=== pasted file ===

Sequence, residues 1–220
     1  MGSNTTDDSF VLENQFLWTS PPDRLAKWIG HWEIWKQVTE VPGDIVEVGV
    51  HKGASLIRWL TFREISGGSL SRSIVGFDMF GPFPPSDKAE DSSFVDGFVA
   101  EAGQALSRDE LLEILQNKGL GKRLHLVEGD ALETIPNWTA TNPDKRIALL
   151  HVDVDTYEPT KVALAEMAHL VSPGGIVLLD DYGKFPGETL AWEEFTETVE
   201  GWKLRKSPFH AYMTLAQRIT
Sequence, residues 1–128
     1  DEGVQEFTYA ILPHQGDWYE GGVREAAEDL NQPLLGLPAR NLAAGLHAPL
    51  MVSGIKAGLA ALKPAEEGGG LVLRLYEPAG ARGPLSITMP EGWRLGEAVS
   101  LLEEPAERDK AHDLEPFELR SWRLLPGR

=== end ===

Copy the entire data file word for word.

Sequence, residues 1–220
     1  MGSNTTDDSF VLENQFLWTS PPDRLAKWIG HWEIWKQVTE VPGDIVEVGV
    51  HKGASLIRWL TFREISGGSL SRSIVGFDMF GPFPPSDKAE DSSFVDGFVA
   101  EAGQALSRDE LLEILQNKGL GKRLHLVEGD ALETIPNWTA TNPDKRIALL
   151  HVDVDTYEPT KVALAEMAHL VSPGGIVLLD DYGKFPGETL AWEEFTETVE
   201  GWKLRKSPFH AYMTLAQRIT
Sequence, residues 1–128
     1  DEGVQEFTYA ILPHQGDWYE GGVREAAEDL NQPLLGLPAR NLAAGLHAPL
    51  MVSGIKAGLA ALKPAEEGGG LVLRLYEPAG ARGPLSITMP EGWRLGEAVS
   101  LLEEPAERDK AHDLEPFELR SWRLLPGR